Image copyright Getty Images Image caption The man complained in 2009 after seeing articles detailing his crimes A German man convicted of murder in 1982 has the right to have his name removed from online search results, Germany's highest court has ruled.
The court ruled as follows: “ Having assessed the disputed communications, we find that GCSB’s claim that disclosure would harm national security and international relations is well-founded.
Writing for the majority in a ruling handed down on Wednesday, Justice Debra Todd wrote: Based upon these cases rendered by the United States Supreme Court regarding the scope of the Fifth Amendment, we conclude that compelling the disclosure of a password to a computer, that is, the act of production, is testimonial.
But the primary way iOS 13 and Android 10 do that – a notification to warn that one application or another has been getting your location when you weren’t using that app – only tells part of that privacy story.
The group, led by privacy advocate Max Schrems, sought to prove that Facebook was deliberately circumventing GDPR and continuing to process users PII.
The Pennsylvania Supreme Court issued a forceful opinion today holding that the Fifth Amendment to the U.S. Constitution protects individuals from being forced to disclose the passcode to their devices to the police.
A little more than a year ago, the state of Indiana charged a suspected drug dealer with theft for removing a government-owned GPS tracking device from his SUV.The case began in July 2018, when the Warrick County Sheriff's Office got a warrant to attach a GPS tracking device to Derek Heuring's car.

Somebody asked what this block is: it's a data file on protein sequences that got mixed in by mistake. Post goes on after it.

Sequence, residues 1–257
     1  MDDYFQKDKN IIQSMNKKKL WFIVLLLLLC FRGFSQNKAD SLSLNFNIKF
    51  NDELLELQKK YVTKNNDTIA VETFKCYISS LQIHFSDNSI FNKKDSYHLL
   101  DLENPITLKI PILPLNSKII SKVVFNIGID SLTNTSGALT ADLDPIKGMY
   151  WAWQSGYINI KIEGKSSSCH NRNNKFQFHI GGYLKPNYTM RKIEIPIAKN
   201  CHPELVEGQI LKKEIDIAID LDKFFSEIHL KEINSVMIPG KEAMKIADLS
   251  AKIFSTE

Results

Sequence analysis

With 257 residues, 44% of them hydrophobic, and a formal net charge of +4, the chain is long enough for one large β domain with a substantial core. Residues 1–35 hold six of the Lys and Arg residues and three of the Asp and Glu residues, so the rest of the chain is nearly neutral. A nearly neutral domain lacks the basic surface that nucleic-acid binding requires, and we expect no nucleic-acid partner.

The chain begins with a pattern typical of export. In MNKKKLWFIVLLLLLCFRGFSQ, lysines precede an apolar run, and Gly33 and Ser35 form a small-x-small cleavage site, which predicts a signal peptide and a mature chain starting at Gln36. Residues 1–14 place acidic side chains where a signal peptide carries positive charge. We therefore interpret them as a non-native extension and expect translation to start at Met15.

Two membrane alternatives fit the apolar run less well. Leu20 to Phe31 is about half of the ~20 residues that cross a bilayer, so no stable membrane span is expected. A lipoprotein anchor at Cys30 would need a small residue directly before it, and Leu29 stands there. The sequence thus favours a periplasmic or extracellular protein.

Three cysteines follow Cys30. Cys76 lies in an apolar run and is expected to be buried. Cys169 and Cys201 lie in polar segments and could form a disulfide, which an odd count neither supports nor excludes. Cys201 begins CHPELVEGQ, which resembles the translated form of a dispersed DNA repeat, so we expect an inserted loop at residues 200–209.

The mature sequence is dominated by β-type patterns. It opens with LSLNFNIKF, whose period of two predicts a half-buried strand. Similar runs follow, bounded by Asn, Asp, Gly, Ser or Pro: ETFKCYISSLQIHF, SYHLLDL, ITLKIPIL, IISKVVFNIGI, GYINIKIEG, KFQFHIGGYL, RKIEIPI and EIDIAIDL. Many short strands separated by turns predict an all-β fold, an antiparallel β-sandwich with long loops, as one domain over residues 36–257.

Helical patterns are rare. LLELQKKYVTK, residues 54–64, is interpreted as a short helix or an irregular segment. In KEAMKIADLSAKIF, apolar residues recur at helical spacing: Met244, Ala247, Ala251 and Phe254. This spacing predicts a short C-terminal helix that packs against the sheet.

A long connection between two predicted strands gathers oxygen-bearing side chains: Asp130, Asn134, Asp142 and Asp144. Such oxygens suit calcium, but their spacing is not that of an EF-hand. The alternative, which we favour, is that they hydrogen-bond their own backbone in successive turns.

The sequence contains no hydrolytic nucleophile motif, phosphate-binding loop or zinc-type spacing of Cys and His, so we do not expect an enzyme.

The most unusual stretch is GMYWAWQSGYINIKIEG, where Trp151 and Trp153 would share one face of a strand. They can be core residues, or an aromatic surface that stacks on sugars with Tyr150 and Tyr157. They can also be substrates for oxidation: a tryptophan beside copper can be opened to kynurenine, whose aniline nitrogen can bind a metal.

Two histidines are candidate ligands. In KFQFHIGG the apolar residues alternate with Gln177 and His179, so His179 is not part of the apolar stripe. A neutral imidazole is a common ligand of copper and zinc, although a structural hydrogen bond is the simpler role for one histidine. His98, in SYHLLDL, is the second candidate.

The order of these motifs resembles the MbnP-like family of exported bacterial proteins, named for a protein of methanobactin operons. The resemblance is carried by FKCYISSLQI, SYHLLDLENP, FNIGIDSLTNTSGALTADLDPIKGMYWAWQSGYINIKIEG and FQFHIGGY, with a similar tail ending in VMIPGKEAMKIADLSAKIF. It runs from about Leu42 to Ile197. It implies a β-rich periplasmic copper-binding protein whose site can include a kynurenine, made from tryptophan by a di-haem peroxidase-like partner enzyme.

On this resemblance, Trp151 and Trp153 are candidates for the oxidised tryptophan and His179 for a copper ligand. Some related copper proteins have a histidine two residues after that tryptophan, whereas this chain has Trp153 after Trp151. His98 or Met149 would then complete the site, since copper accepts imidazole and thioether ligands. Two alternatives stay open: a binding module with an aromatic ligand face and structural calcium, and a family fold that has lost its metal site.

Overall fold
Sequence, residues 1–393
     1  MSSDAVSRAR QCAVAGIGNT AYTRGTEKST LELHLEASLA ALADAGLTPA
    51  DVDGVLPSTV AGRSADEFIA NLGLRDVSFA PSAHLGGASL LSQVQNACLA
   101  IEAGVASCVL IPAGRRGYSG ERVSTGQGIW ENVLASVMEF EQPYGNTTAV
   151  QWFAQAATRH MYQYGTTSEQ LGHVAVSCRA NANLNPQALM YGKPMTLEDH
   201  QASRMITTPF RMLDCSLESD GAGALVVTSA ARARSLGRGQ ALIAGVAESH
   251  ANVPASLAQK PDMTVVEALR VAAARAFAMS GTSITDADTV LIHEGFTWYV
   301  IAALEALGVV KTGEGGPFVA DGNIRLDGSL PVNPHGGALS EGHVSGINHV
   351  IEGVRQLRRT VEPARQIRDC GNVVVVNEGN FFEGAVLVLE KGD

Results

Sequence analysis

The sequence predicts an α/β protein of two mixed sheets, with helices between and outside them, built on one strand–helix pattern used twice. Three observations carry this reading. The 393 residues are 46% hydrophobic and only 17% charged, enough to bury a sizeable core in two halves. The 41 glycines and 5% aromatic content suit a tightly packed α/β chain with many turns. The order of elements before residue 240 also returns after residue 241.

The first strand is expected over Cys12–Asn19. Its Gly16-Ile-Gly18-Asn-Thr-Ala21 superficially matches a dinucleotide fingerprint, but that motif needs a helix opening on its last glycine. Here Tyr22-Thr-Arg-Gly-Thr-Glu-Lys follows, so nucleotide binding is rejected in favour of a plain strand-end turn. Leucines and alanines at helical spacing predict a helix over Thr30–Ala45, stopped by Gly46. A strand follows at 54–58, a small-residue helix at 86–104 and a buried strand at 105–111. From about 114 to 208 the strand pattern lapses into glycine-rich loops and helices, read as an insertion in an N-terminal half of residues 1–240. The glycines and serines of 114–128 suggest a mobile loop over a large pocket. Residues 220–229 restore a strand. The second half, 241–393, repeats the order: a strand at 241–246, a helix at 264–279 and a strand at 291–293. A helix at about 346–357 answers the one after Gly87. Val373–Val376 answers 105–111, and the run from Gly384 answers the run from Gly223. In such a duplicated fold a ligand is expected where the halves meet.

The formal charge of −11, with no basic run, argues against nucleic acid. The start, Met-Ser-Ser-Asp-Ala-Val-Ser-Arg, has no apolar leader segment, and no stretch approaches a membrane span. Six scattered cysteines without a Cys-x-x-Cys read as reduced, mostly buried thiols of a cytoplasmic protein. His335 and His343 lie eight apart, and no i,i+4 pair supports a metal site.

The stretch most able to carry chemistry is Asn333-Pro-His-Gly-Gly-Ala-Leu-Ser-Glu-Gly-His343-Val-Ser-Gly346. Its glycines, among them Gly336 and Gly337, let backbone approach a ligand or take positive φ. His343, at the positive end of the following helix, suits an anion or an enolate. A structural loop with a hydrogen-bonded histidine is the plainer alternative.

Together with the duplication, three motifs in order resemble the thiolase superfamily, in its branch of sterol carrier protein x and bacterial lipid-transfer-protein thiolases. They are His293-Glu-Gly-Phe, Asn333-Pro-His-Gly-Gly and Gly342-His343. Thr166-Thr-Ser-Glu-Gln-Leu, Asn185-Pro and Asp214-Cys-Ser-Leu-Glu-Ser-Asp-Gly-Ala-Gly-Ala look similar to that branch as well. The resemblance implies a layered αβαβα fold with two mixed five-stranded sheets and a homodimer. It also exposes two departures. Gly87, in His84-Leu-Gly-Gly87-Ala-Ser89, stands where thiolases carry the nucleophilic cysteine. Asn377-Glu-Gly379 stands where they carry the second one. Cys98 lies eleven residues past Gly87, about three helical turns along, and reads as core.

This court decision comes as a result of years of hard work by the ACLU, the ACLU of Massachusetts and the EFF on behalf of eleven international travelers who had been the recipient of suspicionless device searches when entering the United States.
BOSTON — In a major victory for privacy rights, a federal court in Boston today ruled that the government’s suspicionless searches of international travelers’ smartphones and laptops at airports and other U.S. ports of entry violate the Fourth Amendment.
In the United Kingdom, Artificial Lawyer spoke to human rights campaigners on updates on their court cases against British police forces over their use of FRT.The efforts above range from limited bans within the public sector, to reviews of new implementations of the tech, to specific court cases against police use of FRT.
This is just a first warning for Spanish citizens: if there is no strong backlash, the next experiment will maybe work with some personal identifiable data, "just to improve the accuracy of results".
But on Saturday, the airline said it would “vigorously defend the lawsuit,” claiming that it had investigated the allegations at the time of the alleged incident, in February 2017, and had found no hidden camera.“We can confirm from our investigation that there was never a camera in the lavatory,” Southwest Airlines said in a statement.
The Australian Competition and Consumer Commission (ACCC) filed a lawsuit against the local unit of Alphabet Inc's Google on Tuesday, alleging that the company misled smartphone users on how it collected, kept and used personal location data.
"We are taking court action against Google because we allege that as a result of these on-screen representations, Google has collected, kept and used highly sensitive and valuable personal information about consumers' location without them making an informed choice," Mr Sims said.
The ruling, issued last month by a three-judge panel of the 9th Circuit Court of Appeals, requires LinkedIn to allow publicly available data about its users to be scraped by hiQ.
Previously, the South African government has used a law called RICA (Regulation of Interception of Communications and Provision of Communication Related Information Act 70 of 2002) to justify mass surveillance programs.